Stop the Gun Violence

By Jackie O’Ryan


They gathered at the temple and it was the first of such a gathering. They were interfaith leaders speaking out in unison on a political issue. They were rabbis, bishops, an imam, cathedral pastors, several reverends, women religious, an evangelical pastor, a Jesuit priest, and more. And, regardless of the particular faith each held, all were there to denounce gun violence with one voice.

The gathering was at Temple De Hirsch Sinai and they were there to urge a moral response to those killed in the tragic shooting in Newtown, Connecticut just one week earlier. They asserted that preventing gun violence is not only a political matter; it is a solemn religious obligation and the only appropriate religious response is sustained moral outrage and focused moral action until something substantial is accomplished in Congress and in our Washington State Legislature.

Rabbi Daniel Weiner stepped forward first. “We understand that preventing gun violence is not a simple matter and that honest, well-intentioned people will differ on exactly what measures are required,” he said. “But we must make a start. We ask our elected officials to put the welfare of our children and the safety of our citizens ahead of partisan concerns and enact substantive gun violence preventative measures in 2013.”

Rev. Dr. Sandy Brown, pastor at Seattle’s First United Methodist Church, was—and still is—a main force in the call for a faithful voice. He said, “I feel clergy are moving beyond the mourning phase and we’re now impatient for an end to gun violence and mass shootings. We believe our faith traditions challenge our communities to live in peace. That’s why we now take this prophetic and public stand.”

“If we are honest about whether or not we are doing enough to protect children, the answer is no,” said Bishop Greg Rickel of the Diocese of Olympia. “There have been 181 shootings at schools across the United States since Columbine. We are getting used to it, and this is something we should never get used to.”

Clergy have mourned with families all too often. That must have been part of the motivation behind this landmark gathering. They are calling for an end to the violence that lands them in the living rooms of families who have lost loved ones to gun violence year in and year out. That’s why 200 clergy from across Washington State signed Faith Action Network’s petition denouncing “Gun Appreciation Day” on Martin Luther King weekend.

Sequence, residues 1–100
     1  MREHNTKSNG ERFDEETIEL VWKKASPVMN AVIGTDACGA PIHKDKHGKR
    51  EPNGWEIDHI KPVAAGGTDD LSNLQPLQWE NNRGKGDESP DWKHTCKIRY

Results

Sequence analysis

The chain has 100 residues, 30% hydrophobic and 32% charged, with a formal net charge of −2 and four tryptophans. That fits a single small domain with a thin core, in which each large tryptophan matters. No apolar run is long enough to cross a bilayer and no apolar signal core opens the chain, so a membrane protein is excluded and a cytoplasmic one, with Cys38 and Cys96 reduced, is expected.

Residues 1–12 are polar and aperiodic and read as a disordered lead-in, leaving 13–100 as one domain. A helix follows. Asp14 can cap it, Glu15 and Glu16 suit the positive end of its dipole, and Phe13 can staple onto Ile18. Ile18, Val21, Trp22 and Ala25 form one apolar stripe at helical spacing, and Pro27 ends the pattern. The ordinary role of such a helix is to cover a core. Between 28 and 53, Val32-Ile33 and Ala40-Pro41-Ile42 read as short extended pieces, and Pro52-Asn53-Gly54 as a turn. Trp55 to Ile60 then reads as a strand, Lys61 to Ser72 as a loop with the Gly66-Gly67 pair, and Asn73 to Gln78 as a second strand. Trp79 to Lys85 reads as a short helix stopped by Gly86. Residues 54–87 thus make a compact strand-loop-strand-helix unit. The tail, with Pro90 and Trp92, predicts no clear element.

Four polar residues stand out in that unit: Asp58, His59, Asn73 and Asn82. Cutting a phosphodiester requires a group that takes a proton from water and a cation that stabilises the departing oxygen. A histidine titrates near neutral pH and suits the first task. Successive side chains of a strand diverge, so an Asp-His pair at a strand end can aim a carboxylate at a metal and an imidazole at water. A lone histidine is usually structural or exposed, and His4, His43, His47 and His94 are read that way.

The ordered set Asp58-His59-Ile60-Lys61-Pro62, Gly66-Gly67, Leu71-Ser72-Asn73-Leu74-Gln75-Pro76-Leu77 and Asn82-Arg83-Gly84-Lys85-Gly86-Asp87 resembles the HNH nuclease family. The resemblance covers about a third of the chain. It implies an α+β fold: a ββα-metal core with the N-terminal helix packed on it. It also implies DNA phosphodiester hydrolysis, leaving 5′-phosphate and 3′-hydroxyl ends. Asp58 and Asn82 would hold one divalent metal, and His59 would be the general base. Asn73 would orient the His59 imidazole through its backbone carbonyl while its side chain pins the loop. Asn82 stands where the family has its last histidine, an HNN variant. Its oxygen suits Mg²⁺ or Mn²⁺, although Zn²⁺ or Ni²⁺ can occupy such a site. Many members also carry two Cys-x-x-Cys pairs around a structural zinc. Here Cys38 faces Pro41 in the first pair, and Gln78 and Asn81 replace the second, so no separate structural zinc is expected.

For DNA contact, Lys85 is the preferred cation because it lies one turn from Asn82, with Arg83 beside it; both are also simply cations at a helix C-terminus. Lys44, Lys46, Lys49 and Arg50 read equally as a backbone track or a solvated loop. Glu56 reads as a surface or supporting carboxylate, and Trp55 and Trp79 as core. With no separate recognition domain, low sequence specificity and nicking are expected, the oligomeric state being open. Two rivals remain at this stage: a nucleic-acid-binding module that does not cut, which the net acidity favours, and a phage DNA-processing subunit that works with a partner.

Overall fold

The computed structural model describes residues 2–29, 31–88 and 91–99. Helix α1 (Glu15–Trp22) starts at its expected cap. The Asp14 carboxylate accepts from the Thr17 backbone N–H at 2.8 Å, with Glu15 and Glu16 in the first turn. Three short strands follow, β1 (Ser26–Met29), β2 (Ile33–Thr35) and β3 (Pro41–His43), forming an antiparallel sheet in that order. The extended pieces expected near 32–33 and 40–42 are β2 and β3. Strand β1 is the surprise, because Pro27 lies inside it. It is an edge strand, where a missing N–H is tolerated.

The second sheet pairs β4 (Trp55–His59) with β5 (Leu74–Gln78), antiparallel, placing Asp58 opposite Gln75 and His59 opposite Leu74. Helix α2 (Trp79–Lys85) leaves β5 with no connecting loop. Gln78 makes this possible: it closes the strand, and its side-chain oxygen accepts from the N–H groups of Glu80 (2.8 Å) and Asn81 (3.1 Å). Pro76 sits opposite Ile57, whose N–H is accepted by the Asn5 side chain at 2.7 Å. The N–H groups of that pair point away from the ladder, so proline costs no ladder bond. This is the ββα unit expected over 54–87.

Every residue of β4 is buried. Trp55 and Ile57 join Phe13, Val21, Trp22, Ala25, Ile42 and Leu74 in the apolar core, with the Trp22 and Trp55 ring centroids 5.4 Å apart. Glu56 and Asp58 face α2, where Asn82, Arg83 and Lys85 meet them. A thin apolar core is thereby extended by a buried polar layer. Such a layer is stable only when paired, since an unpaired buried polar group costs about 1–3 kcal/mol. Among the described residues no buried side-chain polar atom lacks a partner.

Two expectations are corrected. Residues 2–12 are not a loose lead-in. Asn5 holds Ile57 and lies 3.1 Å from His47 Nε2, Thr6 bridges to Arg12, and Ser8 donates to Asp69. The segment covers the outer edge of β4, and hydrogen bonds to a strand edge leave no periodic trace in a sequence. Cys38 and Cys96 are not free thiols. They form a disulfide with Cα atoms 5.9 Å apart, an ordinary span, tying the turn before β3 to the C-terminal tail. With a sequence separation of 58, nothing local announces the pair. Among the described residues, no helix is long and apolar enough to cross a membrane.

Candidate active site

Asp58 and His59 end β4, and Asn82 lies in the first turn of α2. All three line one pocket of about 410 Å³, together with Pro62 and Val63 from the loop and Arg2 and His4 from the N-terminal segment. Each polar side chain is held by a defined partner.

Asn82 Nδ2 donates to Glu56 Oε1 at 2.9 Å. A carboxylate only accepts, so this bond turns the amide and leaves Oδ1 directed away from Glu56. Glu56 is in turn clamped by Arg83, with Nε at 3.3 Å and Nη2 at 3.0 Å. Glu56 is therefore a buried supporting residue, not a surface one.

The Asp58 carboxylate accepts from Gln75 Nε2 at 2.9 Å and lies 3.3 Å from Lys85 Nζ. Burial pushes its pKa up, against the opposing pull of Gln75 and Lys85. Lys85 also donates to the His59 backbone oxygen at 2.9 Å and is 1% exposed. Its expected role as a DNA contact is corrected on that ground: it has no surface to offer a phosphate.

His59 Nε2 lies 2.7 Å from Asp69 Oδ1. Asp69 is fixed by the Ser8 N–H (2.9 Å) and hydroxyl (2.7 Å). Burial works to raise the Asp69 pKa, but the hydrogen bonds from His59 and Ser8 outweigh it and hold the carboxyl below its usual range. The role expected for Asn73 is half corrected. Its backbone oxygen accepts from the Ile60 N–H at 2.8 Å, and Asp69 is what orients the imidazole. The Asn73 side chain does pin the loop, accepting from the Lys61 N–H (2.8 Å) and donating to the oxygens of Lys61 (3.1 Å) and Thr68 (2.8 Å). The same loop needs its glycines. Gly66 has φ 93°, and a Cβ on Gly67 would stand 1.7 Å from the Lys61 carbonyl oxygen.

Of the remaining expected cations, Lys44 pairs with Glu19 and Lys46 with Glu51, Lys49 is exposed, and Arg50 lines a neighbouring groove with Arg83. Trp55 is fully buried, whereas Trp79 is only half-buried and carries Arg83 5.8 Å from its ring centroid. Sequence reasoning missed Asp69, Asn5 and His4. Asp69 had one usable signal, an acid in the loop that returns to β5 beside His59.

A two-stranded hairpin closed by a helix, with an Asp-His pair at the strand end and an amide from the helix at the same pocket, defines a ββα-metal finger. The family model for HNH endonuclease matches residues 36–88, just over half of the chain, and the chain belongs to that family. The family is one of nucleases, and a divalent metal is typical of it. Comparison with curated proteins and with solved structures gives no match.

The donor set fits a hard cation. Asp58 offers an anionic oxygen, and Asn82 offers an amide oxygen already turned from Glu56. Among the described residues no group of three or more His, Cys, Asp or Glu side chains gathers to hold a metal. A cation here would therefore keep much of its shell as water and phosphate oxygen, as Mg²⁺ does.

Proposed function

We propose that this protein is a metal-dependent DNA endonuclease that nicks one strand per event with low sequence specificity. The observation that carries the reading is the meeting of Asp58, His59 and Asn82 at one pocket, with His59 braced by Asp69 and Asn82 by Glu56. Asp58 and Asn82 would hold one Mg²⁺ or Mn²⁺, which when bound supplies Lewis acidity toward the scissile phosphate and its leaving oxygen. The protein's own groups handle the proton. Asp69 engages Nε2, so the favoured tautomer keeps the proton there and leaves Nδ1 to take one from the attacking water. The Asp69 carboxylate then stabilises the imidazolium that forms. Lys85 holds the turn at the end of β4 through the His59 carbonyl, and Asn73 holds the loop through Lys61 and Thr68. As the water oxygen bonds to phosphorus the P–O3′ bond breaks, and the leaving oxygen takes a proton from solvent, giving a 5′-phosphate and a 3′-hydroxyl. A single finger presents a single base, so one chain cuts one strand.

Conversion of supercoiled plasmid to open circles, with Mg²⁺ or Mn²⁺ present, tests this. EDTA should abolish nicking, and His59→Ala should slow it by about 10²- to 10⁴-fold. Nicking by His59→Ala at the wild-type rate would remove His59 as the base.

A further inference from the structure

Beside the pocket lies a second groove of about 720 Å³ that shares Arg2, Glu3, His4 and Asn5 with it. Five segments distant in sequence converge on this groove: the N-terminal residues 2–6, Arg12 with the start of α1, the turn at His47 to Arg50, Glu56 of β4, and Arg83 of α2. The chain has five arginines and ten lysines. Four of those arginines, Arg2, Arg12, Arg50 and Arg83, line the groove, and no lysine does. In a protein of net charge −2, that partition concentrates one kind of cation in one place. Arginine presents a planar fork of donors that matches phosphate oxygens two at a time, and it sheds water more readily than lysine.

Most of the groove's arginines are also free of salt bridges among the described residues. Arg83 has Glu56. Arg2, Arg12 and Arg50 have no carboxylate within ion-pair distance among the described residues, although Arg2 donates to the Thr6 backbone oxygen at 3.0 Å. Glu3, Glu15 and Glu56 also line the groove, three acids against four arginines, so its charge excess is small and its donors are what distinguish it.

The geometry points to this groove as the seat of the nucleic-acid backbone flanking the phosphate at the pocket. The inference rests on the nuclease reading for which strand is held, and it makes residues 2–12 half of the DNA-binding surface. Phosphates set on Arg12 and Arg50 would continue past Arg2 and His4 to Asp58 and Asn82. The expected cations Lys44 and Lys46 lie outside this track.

Leslie Braxton, pastor of New Beginnings Christian Fellowship in Renton, said, “Why can’t we move away from the gun war and gun culture of the 18th and 19th century? For us to not have the courage to change laws that don’t make sense, makes us all enablers to mass murder.”

Since Newtown, how many people have been killed by guns? The running count by Slate is 1,619 (at this writing).

There are no words in the sacred Scriptures of the Christian, Jewish or Islamic traditions that either opposes common sense gun violence preventative measures or supports any right to automatic weapons that fire 100 shots in a single minute.

But what can we do?

House Bill 1588 is one of the most significant gun violence prevention measures introduced in our legislature in decades. It would require universal background checks for ALL gun sales in the state—including gun shows. Please tell your legislators and the governor that you support this legislation. The bill will be getting a hearing soon in the House Judiciary Committee.

Leave a message for the Governor, your 2 Representatives, and your Senator by calling the Legislative Hotline: 1-800-562-6000.

Then, E-mail your Legislators and Governor Inslee and tell them clearly that you support expanding universal background checks with HB 1588.

If you don’t know who your Legislators are, look them up on the Find Your Legislator webpage.

“We need to do more than just wring our hands about terrible things that happen,” said Fr. Michael G. Ryan, pastor of St. James Cathedral. “Those things happen in a society that we are all part of, a society that we have the power to influence and to change—maybe not in big ways, but certainly in real ways,” he said. “And it’s time to do it.”

It is our solemn religious obligation.

Jackie O’Ryan is the Co-Director of the Faith Action Network (FAN).


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